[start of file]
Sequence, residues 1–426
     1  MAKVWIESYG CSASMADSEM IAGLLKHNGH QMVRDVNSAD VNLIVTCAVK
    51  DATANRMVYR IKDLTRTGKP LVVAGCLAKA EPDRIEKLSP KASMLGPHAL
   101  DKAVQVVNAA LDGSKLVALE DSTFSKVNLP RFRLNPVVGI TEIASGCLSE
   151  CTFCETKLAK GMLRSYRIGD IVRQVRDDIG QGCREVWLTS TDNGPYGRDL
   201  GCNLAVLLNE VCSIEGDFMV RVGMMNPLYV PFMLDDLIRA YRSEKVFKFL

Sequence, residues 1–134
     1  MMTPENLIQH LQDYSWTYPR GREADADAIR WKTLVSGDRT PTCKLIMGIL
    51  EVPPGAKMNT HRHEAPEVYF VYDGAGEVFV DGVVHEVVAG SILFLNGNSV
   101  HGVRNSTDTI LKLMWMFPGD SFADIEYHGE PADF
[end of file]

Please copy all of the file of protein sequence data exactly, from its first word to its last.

Sequence, residues 1–426
     1  MAKVWIESYG CSASMADSEM IAGLLKHNGH QMVRDVNSAD VNLIVTCAVK
    51  DATANRMVYR IKDLTRTGKP LVVAGCLAKA EPDRIEKLSP KASMLGPHAL
   101  DKAVQVVNAA LDGSKLVALE DSTFSKVNLP RFRLNPVVGI TEIASGCLSE
   151  CTFCETKLAK GMLRSYRIGD IVRQVRDDIG QGCREVWLTS TDNGPYGRDL
   201  GCNLAVLLNE VCSIEGDFMV RVGMMNPLYV PFMLDDLIRA YRSEKVFKFL

Sequence, residues 1–134
     1  MMTPENLIQH LQDYSWTYPR GREADADAIR WKTLVSGDRT PTCKLIMGIL
    51  EVPPGAKMNT HRHEAPEVYF VYDGAGEVFV DGVVHEVVAG SILFLNGNSV
   101  HGVRNSTDTI LKLMWMFPGD SFADIEYHGE PADF